Rayne Pierre’s apartment a week after Hurricane Ida struck. Hundreds of Houma apartment residents are being evicted suddenly due to Hurricane Ida damage. (Photo by JC Canicosa/Louisiana Illuminator)
Rayne Pierre and her 21-year-old daughter had just renewed their lease at Cameron Isles Apartments in Houma — where they’d been living since 2016 — when Hurricane Ida struck two weeks ago.
They evacuated to Lafayette when the storm hit, but before they could come home, Pierre got an email from her apartment complex that the property was suspending her lease and she had until Sept. 15 to move out “or all your stuff will be thrown out.”
“I cried over and over, like I know I can’t change it,” she said. “The only thing I could do was find somewhere else to stay.”
Hundreds of tenants in Houma, like Pierre, were told without warning that they’re being evicted from their apartments due to storm damage after Ida. Residents of Belmere Apartments were emailed a document from management that said that “the devastation caused by Hurricane Ida has rendered this property uninhabitable.”
“Because we are no longer able to ensure your safety, we have no alternative but to vacate your lease,” the document, which was posted on Twitter by a resident, read.
Luckily, Pierre was able to find a new apartment in Prairieville, but her new lease doesn’t start until Sept. 19, and move-out resources have been scarce in Houma since the hurricane.
“Where are we going to go? There’s not enough storages. There’s no hotels. There’s no U-Hauls,” she said. “It’s a lot of resources that we don’t have.”
The process has been emotionally draining for Pierre and her daughter — who has been having breakdowns since their eviction. “It’s a tragic situation,” Pierre said.
Pierre said she wished her apartment complex had set something up for tenants so they didn’t have to scramble for resources so suddenly after their leases were suspended.
“Because (Cameron Isles Apartments) is just kind of telling us ‘It really doesn’t matter. You just go where you’re going. We’ll get new tenants once we fix up the apartment house,’” she said.
“I feel like that just shows me that you really didn’t care about me as a tenant. You just cared about the money,” Pierre said.
Belmere Apartments management also gave residents a list of resources and organizations “who can assist with short and long-term housing, as well as financial recovery,” according to the document.
Fairfield Property Management — which oversees Belmere Apartments and Cameron Isles Apartments — didn’t respond to multiple calls seeking comment. Chateau Creole Apartments, which residents also said on Twitter was suddenly evicting their residents — also didn’t respond to calls seeking comment.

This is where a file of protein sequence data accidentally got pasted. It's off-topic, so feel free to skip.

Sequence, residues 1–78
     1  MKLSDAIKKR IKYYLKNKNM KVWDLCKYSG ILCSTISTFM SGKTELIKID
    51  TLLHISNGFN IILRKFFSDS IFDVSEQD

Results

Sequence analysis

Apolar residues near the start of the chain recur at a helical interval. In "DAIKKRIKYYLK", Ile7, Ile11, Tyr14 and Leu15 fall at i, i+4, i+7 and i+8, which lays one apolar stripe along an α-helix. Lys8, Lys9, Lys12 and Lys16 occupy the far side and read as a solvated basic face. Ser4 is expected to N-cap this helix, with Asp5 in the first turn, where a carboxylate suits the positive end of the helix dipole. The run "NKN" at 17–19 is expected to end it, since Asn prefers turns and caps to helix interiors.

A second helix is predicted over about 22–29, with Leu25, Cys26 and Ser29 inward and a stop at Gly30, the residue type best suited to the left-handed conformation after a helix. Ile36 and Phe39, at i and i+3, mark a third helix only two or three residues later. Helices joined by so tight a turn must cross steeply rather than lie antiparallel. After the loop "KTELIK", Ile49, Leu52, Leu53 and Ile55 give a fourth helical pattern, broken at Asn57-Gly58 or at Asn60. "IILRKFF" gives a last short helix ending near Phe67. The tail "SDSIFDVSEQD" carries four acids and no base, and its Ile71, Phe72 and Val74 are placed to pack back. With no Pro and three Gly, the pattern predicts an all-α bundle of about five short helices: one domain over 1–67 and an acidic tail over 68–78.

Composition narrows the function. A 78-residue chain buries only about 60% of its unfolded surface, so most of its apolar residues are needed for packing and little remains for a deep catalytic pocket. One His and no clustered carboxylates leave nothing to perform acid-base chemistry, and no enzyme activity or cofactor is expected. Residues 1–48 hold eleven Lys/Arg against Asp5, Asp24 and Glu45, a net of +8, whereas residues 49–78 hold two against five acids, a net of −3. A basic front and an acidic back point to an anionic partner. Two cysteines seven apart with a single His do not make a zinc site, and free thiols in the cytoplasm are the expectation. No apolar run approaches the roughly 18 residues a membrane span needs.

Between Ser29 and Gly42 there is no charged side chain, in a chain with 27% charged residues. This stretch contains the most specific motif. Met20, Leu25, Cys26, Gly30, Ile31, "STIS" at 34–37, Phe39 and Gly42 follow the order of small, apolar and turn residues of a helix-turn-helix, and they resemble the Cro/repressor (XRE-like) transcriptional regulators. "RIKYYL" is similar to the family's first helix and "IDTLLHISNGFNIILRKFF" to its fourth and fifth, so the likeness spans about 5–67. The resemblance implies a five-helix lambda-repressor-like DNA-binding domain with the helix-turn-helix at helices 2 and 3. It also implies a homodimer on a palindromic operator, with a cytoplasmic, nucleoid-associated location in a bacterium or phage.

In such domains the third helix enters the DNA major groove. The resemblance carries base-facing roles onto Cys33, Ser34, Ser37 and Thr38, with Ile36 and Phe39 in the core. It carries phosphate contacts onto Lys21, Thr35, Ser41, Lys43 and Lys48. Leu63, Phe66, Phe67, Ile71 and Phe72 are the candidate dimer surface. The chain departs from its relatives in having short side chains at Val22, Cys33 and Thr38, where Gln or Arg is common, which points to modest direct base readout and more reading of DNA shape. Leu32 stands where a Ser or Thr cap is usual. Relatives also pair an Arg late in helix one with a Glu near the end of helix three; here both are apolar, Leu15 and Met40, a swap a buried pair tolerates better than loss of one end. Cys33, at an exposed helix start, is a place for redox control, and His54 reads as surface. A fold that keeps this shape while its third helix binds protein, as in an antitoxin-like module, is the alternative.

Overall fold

At Belmere, residents moving out had to work through the smell of rotting food that was taken out of refrigerators and left outside, as well as multiple alarm systems going off with no one to turn them off.
“If you will see the mold in that place, and I feel that we putting our health at risk, as well as (putting our safety) at risk, because the ceilings are falling. You know, I don’t know what what type of conditioning the floors are in,” said one mother who was moving out for her daughter.
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She said she didn’t want her daughter coming back to her apartments because “I didn’t want her to be exposed to all the mold because she has asthma.”
“If it causes any health problems, I’ll take that,” she said.
Lori Claud, another Cameron Isles resident who was suddenly evicted, doesn’t yet know where she and her daughter will live now, but knows she has to find a place soon.
“All the hotels in New Orleans are booked. There’s no hotels here in Houma. There’s nothing in Thibodaux. There’s nothing in Lafourche Parish. There’s nothing in Lafayette,” she said.
Claud is looking for apartments in Texas, but will have to find a new job and a new school for her daughter.
“It’s a catastrophe,” Claud said. “It’s just unfair to every person in this community to have to find some place to go and hustle and bustle to find storage.”
The property management “could have handled this so much better,” she said.
“A lot of people don’t have money (to move out),” Claud said. “They are living paycheck to paycheck.”
“I was fortunate enough to have savings. But everybody doesn’t have that. So what do they do?” Pierre asked.
Speaker Pro Tempore Tanner Magee, R-Houma, said over text that the apartments’ mass evictions are “morally wrong, regardless if it’s legal or not.”
“The apartments are as livable as anything else in Houma. There’s no place for the residents to go,” he said.
Property managers for these apartments should have had a plan “to find housing for the residents before they are forced to leave,” Magee said.
Rep. Jerome Zeringue, a Republican who also represents Houma, said the mass evictions “are a problem, and it’s causing a lot of people some significant concern.”
Property managers are being “somewhat heartless,” he said, by “quickly evicting (their residents) and telling them that there’s a very short window of opportunity for you to remove your stuff.”
Zeringue said property managers could have worked with local entities, shelters or the Emergency Operations Center “so that people can at least have the opportunity” to get back on their feet.
Magee said he’s going to propose legislation in the future “so this doesn’t happen again.”
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